One California man is suing Samsung for 2nd and 3rd degree burns caused by the explosion of his Samsung cell phone.
Attorneys at classaction.com filed a product liability suit against Samsung, marking the first legal suit over Galaxy smartphone battery fire.
The legal claim is that Daniel Ramirez suffered injuries resulting from the negligence of Samsung and directly from the explosion of the Samsung Galaxy S7 Edge cell phone battery and subsequent fire.
The Galaxy S7 Edge is not listed in Samsung’s massive recall effort that only includes the Galaxy Note7, adding further concerns about just how many Samsung products are affected. Another concern arising from this case is the fact that the explosion did not occur while charging (like the claims released thus far), but occurred off the charger in the victims pocket. (RELATED: Samsung: Don’t Turn On Our Devices, They Explode)
Ramirez reports hearing an unnerving whistling sound coming from his phone located in his front right pocket. Shortly after noticing his phone acting up, he reports seeing smoke rising from his pants pocket, according to legal documents obtained by The Daily Caller News Foundation from classaction.com.
The phone then exploded, catching fire to his boxers and pants, engulfing his entire leg. The temperatures were so hot that the flames melted Ramirez’s undergarments and pants into his leg, according to court reports. While Ramirez was able to remove both the phone and his pants, he suffered 2nd and 3rd degree burns across the entire length of his right thigh.Ramirez was rushed to Akron Children’s Hospital where he was treated for the burns. The treatment included a skin graft operation. The attorneys hope to get Ramirez “in excess of $15,000” for the damages incurred from the tragedy.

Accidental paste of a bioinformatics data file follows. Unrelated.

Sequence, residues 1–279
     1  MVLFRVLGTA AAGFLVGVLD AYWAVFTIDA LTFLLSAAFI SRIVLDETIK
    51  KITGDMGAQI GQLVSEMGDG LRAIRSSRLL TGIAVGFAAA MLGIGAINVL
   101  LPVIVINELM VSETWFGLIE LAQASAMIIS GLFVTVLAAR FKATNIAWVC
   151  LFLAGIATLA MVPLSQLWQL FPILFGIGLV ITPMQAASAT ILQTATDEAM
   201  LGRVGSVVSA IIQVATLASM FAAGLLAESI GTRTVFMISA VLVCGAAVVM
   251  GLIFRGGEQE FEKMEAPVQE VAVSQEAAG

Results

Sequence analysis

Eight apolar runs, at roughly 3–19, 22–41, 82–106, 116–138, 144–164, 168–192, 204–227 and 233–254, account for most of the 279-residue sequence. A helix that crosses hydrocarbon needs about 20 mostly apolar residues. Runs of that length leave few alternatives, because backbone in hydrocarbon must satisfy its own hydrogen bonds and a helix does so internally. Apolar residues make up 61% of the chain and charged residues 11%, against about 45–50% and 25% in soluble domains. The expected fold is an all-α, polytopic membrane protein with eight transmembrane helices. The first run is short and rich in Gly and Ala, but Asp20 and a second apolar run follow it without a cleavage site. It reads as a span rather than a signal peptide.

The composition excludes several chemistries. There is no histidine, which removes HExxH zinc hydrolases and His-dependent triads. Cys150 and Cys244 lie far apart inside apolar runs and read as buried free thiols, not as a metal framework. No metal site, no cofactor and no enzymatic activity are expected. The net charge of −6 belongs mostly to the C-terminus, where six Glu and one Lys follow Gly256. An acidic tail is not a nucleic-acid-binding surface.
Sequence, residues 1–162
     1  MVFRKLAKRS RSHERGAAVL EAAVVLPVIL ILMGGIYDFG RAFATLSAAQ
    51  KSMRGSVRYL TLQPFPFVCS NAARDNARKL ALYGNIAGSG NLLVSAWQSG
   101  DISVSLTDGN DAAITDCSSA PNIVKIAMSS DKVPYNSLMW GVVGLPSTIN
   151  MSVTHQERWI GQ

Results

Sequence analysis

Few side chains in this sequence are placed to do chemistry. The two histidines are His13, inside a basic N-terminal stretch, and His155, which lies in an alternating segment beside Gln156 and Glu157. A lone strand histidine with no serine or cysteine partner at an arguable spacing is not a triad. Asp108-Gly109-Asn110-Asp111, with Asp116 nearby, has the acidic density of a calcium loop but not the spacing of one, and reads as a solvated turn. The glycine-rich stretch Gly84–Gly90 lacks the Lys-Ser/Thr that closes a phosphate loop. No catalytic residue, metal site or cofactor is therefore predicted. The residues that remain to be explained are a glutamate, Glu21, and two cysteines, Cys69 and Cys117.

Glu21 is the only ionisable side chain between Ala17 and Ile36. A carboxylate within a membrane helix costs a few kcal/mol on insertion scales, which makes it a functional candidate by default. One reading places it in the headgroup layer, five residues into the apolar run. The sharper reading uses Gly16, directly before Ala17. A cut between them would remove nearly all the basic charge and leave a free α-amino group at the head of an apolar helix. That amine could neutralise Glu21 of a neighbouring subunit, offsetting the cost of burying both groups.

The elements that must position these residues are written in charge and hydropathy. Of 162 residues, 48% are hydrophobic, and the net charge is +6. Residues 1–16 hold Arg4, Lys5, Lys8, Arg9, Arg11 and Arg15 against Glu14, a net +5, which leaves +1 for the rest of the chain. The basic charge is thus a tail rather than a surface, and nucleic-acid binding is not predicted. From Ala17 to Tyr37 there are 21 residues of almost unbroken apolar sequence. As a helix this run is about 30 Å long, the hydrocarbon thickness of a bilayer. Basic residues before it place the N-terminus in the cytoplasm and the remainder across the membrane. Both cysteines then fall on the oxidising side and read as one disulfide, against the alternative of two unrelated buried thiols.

Samsung should “really look into the overall safety of these batteries,” Mike Morgan, the attorney in charge of Ramirez’s case, told TheDCNF. Cell phones are the “the lifeline of almost every person,” and tragedies like this are unacceptable, he continued, outlining his hopes for the case.
When Morgan first received the case back in May, 2016, he knew something was wrong with the batteries but didn’t “realize the full breadth of the problem,” Morgan told TheDCNF. After numerous reports of Samsung phones exploding over the past few months, Morgan knew something was really wrong here.
Morgan hopes to really “explore the fast charging aspect of the batteries,” saying that Samsung’s explanations of the explosion are inaccurate and that the real focus of interest should be the rapid recharge feature of the phone.
Drawing upon prior litigation experience covering the rapid recharge feature of commercial cell phones, Morgan says that one of the key things that “compromises a battery is if it charges too fast,” he tells TheDCNF. Morgan’s intent is to look through the “global line of these phones and see what is going on with this fast charging.”
Agreeing with Samsung in its initial handling of the catastrophe, Morgan says they “need to take the next step and do a mandatory recall that would make it illegal to sell a Galaxy S7 phone.” Samsung also needs to “make sure people are taken of and reimbursed,” Morgan concluded.
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